6T SRAM and uses one-fifth the standby power. Bottom line? New eDRAM and other im-
provements mean that POWER7 cores will deliver higher performance at lower frequency
than POWER6 cores and will provide more than quadruple the chip level performance of
POWER6 in the same energy envelope.
What will this mean in the datacenter? According to IBM, POWER7-based servers will en-
hance aggregate throughput by 2-5X and improve overall performance by 2-3X in the same
energy envelope as comparable POWER6-based systems. Despite these leaps, the new sys-
tems will be extremely familiar to IBM clients. POWER7 servers will be available in a portfo-
lio of modular, scalable systems similar to POWER6 and binary compatibility between POW-
ER7 and POWER6 should ease customer transitions. IBM is further simplifying the transition
process by offering customers who buy new Power 595 systems processor book upgrades
to POWER7 and is planning a transition program for owners of Power 570 systems, as well.
This all sounds great, but how will POWER7’s improvements translate in the larger IT mar-
ketplace? Overall, we believe there is both excellent and somewhat cautionary news for
VirtenSys Makes the Case for I/O Virtualization
By David Hill Mesabi Group
When the word “virtualization” is used, the implicit assumption is that the speaker or writer
is talking about “server virtualization.” But other types of virtualization exist, such as stor-
age virtualization. And now I/O (input/output) virtualization is starting to encroach upon
Just what is I/O virtualization? Answering that question requires a brief review of the role
of I/O in a system. The job of a computer is to perform "data processing." A CPU processes
data from its associated transient memory, but the data typically has to be acquired from
storage somewhere, and a network is used to link the two. The movement of data is all
about I/Os (inputs are reads from storage to a server and outputs are writes to storage).
To be clear, the use of a network may be grandiose when using direct attached storage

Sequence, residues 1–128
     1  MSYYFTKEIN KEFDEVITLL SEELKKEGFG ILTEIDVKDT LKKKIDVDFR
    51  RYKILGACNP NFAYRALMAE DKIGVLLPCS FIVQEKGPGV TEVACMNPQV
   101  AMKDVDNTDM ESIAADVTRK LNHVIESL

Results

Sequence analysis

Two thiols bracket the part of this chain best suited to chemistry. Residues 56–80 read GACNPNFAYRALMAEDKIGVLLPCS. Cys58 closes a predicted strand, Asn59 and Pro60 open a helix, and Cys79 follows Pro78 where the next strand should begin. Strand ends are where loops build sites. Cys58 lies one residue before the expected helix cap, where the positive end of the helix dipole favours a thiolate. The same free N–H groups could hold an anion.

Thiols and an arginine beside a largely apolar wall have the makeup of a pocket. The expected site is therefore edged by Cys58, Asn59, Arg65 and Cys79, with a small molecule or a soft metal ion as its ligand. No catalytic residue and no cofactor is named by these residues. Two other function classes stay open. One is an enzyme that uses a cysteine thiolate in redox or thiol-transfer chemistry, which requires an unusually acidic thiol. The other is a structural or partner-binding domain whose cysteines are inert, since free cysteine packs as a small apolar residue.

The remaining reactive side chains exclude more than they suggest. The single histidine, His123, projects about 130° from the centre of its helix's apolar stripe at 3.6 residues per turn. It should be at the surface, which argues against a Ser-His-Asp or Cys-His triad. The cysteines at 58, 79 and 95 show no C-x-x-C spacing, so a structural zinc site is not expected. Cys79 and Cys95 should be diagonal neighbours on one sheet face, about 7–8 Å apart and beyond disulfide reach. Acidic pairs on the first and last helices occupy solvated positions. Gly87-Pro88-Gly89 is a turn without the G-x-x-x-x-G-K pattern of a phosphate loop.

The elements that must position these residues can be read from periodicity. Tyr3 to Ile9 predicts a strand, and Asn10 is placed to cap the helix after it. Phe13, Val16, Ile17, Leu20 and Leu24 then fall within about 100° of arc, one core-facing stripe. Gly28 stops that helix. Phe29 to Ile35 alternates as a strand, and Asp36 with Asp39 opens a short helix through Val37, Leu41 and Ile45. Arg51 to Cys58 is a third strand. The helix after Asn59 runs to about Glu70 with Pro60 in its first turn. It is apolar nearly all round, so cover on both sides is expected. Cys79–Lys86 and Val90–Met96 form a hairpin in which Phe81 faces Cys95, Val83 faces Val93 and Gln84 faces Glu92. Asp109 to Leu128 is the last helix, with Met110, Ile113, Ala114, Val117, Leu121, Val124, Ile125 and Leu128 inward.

where a bus or I/O interconnect is sufficient rather than a LAN or SAN, but logically any
connectivity is still part of a network.
Now if I/O needs to get in or out of the server chassis box in conjunction with an external
network composed of such things as cables and switches, an I/O adapter is necessary to
connect and translate network protocols to the CPU/memory complex of a server. If the
network is a SAN, a Fibre Channel HBA (host bus adapter) may be the I/O adapter or if to a
LAN or WAN an Ethernet NIC (network interface card) may be used. However, the I/O
adapter is located within the server box.
What I/O virtualization does is move these adapters from the server box to a new box
called an I/O virtualization switch box external to the server. VirtenSys is joining the I/O
virtualization party (where NextIO has played for over a year) by providing such a switch.
With the VirtenSys solution, a single PCIe cable connection is made between each physical
server and the I/O virtualization switch. What each server now has is no longer a dedicated
I/O adapter, but rather, virtual I/O connectivity through non-dedicated access to I/O
adapter resources on the I/O virtualization switch.
What does this do and why does it matter? One of the big drivers of virtualization in gen-
eral has been that IT assets have been underutilized, a situation also true of I/O adapters.
VirtenSys says it has found that adapters are only utilized 10% to 15% and their virtualiza-
tion switch can raise this utilization to more than 80%.
That obviously can lead to better asset utilization. Using VirtenSys’ solutions, an IT organi-
zation can defer the need to purchase additional I/O adapters until the demand for I/O in-
creases sufficiently to warrant them. And even when additional purchases are needed,
fewer adapters will be required than in the past. Moreover, some currently redundant I/O
adapters can simply be taken out of service. That reduces the power and concomitant cool-
ing requirements. That is nothing to sneeze at as up to 30% of power is consumed by I/O
cards and switches.
Those are obvious benefits, but there are a couple of other points which, although not as
obvious, can be critical. First, however, note that a VirtenSys switch is non-disruptive in
that it works with the existing infrastructure in data centers. That means no changes to